NSW Supreme Court looks closely at ‘intentions of deceased’
Published 28 Jan 2014
A will is the most surefire way to ensure your estate is properly divided up between the people who you believe are entitled to it.
However, in certain cases the New South Wales Supreme Court will review cases in which a person’s will is left through an informal testamentary document.
In these instances, it is up to the court to make a decision based on a number of factors, including whether the document purports the state of the testamentary intentions of the deceased, if the deceased knew what was required to create a formal will and several others.
In the case, plaintiff Robert Angius argued that although a properly executed will had been made on April 27, 2007, there was an alternative document, referred to as the “undated document”, that made further provisions. This document was written inside a part of a book and brought to authorities by Mr Angius.
In-depth review of the undated document showed that the handwriting was certainly that of the deceased, and it was even written with the same pen that was used to write the official will. However, there is no signature of the deceased anywhere on the document, or that of anyone else.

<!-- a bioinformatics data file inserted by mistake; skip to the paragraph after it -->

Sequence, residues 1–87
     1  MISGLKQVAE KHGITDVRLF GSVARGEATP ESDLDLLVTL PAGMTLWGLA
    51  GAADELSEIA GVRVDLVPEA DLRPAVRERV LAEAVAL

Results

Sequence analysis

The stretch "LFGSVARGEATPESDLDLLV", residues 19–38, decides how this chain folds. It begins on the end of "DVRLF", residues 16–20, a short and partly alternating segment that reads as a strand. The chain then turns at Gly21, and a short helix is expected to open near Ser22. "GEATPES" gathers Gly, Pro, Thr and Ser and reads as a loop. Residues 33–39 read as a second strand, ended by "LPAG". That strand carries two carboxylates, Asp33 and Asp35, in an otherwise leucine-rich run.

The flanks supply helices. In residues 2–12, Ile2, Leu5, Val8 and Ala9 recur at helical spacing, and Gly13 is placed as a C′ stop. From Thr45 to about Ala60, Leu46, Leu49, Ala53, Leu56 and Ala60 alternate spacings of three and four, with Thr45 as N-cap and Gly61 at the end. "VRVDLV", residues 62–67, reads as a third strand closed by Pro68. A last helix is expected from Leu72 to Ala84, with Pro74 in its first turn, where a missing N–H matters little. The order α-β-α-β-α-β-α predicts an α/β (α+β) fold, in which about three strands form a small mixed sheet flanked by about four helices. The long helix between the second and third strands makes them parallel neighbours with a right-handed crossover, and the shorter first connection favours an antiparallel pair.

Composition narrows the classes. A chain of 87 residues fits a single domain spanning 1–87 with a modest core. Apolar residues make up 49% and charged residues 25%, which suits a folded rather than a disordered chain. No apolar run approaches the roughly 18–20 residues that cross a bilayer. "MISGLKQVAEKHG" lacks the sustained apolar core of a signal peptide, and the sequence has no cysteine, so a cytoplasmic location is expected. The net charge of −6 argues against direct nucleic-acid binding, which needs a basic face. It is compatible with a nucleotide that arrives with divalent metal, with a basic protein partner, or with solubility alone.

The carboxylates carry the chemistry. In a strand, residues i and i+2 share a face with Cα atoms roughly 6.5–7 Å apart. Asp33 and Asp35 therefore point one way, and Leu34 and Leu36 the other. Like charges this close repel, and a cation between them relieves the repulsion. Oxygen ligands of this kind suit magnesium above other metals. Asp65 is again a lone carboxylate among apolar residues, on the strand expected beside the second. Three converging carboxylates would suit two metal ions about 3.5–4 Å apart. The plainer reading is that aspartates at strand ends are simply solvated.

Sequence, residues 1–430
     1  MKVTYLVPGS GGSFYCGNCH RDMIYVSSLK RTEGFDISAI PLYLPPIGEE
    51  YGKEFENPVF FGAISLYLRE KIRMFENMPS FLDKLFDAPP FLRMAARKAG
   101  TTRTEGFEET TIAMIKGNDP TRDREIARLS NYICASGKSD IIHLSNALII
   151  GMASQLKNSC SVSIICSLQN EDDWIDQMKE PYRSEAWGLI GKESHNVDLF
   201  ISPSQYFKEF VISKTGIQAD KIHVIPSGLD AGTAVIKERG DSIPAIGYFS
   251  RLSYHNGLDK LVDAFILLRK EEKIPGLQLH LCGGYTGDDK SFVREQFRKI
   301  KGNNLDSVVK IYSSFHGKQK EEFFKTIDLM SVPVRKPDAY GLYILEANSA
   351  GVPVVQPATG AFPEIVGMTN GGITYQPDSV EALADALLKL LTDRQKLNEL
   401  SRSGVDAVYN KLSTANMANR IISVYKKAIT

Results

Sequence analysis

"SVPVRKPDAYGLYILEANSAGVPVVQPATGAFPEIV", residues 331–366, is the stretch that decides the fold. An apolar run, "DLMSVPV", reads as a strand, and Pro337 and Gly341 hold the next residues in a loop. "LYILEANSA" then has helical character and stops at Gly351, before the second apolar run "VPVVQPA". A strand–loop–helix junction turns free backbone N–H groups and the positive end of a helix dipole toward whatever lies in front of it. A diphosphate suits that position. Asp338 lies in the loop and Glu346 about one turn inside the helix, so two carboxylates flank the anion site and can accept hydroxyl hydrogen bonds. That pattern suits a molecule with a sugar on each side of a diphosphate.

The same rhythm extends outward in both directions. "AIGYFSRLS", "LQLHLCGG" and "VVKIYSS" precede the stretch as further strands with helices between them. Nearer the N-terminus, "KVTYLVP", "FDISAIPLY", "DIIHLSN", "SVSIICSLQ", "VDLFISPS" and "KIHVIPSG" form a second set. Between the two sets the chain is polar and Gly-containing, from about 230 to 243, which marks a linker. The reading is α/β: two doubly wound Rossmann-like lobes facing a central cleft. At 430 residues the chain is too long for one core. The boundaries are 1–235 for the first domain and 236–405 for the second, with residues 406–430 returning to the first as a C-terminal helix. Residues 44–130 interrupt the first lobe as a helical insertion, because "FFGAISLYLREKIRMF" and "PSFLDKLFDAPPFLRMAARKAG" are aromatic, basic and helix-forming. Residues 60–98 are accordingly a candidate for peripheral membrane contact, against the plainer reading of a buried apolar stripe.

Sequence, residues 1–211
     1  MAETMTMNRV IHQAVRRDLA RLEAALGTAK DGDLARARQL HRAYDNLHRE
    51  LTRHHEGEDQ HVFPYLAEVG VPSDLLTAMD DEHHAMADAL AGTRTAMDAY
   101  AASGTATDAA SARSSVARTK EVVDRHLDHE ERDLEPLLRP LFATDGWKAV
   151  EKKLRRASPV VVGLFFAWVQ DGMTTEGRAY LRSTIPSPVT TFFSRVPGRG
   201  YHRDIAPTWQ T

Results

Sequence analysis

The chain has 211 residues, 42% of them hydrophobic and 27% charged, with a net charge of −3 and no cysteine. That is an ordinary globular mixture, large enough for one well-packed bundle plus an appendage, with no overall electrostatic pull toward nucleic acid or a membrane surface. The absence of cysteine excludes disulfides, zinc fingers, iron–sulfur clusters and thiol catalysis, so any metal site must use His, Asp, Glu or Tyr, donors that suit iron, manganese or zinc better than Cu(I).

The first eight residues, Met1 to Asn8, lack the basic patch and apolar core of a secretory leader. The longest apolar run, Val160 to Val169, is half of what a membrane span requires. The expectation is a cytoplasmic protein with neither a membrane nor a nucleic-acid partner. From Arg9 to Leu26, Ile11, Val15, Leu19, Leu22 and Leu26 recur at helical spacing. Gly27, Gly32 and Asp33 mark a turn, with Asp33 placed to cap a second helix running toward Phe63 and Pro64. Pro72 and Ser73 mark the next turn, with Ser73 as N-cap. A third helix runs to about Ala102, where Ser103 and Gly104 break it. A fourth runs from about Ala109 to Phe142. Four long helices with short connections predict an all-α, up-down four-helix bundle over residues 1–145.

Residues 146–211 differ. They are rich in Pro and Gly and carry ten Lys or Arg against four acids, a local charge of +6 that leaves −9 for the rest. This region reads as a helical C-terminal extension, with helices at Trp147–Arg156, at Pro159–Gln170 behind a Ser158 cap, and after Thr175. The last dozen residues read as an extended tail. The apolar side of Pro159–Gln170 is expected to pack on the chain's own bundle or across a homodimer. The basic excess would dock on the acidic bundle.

Assessing the validity of the undated document
While there is no revocation clause in the undated document, there are several inconsistencies between the two that the court had to take into account. Also, the judge added that although there was no date on the alternative document, research showed it was most likely written shortly before the death of the deceased.
The ultimate question for the court was whether the undated document was a satisfactory last testament. The judge stated that the undated document shows “unmistakable signs” that the deceased believed she would be dead by the time the note was read.
The deceased viewed it as a document as important as the previously written official will, and she may not have understood what was required to create a satisfactory document.
“Accordingly, I am satisfied that, on the balance of probabilities, the undated document is a document, purporting to state the deceased’s testamentary intentions, which document has not been executed in accordance with Part 2.1 of the Act, and which the deceased intended to be her will,” the judge concluded.
Wills and estate cases can be extremely complex, making it important to get in touch with experienced contesting willslawyers when these issues arise.